FR: quelqu'un / quelque chose / personne / rien + de + adjectif


Senior Member
english USA
Why does one say-

Je n'ai jamais rencontré quelqu'un d'aussi intelligent que toi.

as opposed to-

Je n'ai jamais rencontré quelqu'un aussi intelligent que toi.


Moderator note: Multiple threads merged to create this one.
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  • geostan

    Senior Member
    English Canada
    Indefinite and interrogative pronouns modified by an adjective require the use of de. One can give many examples:

    personne d'intelligent, rien d'extraordinaire, quelqu'un d'important, quelque chose d'utile, qui d'autre, quoi de neuf. Even when other adjuncts are used, the structure is the same,

    hence: Je n'ai jamais rencontré personne d'aussi intelligent qu'elle. Note too that the adjectives remain in the masculine singular form.



    Senior Member
    French (France)
    "Quelque chose" or "quelqu'un" followed by an adjective demands "de". There is no logic for that, it's just the use.
    quelque chose de bien
    quelqu'un d'intelligent


    Senior Member
    So, does that mean (and excuse the bad examples) you would say...

    1) Mon père, c'est une personne intelligente
    2) Je ne connais personne d'intelligent
    3) je ne connais pas de filles d'intelligent (nothing personal, but I wanted a 'la' example)

    Just wondering..!?



    Senior Member
    français de France
    Hello Xanthius,

    je ne connais pas de filles d'intelligent:cross:
    has to be
    je ne connais pas de filles intelligentes.:tick:

    Your first two examples are good. :)


    Senior Member
    English Canada
    As already said, your third example is incorrect. The rule applies only to indefinite pronouns. Filles is not an indefinite pronoun. That is why only the masculine form of adjectives is used.


    English (USA)
    Est-ce qu'on faire l'accord avec "quelque chose"?

    Quelle phrase est correcte:

    1) J'ai vu quelque chose blanc.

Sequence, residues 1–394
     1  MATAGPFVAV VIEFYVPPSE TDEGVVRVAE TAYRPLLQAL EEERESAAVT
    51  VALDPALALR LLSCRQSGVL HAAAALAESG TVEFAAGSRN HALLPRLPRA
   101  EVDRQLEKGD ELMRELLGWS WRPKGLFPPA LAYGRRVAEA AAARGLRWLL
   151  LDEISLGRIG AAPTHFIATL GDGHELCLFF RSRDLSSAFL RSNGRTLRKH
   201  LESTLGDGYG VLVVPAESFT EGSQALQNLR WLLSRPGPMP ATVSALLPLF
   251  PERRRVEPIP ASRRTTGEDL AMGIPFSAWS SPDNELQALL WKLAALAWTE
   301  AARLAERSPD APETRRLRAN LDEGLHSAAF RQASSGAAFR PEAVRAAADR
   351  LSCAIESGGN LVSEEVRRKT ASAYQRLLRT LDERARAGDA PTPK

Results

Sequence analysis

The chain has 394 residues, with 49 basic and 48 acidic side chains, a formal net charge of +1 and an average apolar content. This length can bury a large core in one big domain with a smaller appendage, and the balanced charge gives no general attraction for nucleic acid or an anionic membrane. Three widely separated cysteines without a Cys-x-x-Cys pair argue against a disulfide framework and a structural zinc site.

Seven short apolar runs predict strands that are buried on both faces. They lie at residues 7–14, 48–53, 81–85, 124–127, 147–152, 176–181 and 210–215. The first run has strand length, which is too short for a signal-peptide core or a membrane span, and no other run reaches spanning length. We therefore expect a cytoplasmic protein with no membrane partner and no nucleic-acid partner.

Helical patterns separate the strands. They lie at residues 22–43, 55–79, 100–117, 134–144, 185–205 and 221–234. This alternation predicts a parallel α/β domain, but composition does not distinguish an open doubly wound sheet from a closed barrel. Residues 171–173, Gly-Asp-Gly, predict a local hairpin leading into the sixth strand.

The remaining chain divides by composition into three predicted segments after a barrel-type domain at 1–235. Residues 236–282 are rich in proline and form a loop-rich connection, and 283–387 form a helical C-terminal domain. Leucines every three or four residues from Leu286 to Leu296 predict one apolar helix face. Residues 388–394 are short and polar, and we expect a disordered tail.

2) J'ai vu quelque chose blanche.



    Senior Member
    Bonjour mikenike, :)

    If you're trying to translate it from ''I've seen something white'', then you are missing 'de' somewhere in your sentence # 1. ( blanc )


    Senior Member
    USA, English
    As a matter of satisfaction of curiosity and NOT as something anyone should be doing instead of learning the basic rule (quelque chose + de + masculine adjective), there are a VERY few cases where it CAN be done by French writers (Proust, Maurois) who know what they are doing. For examples, you can look at paragraph 589 of Grevisse, Le Bon Usage. It is most frequent when they are using "quelque chose + adjective + que + a subjunctive verb tense" or another construction using a verbal phrase following the quelque chose (with or without adjective) which indicates that the matter is concessive - where English would use: "whatever it might be" or "whatever thing it might be." In these cases, "chose" retains its full gender and the adjective or participle directly following it is feminine. But these cases are not ones you will run across in everyday speech or, in fact, with great frequency even in reading. Here is an example you can find on line in the Trésor de la Langue Française:

    En constr. concessive. Quelque chose que + subj. Quelle que soit la chose que :
    --- La fascination puissante qu'exerce sur l'âme, comme sur les organes, le passage monotone et continu de quelque chose errante que ce soit, me possède et ne laisse pas mes yeux se détourner un moment de leur spectacle. M. DE GUÉRIN, Journal intime, 1835, p. 235.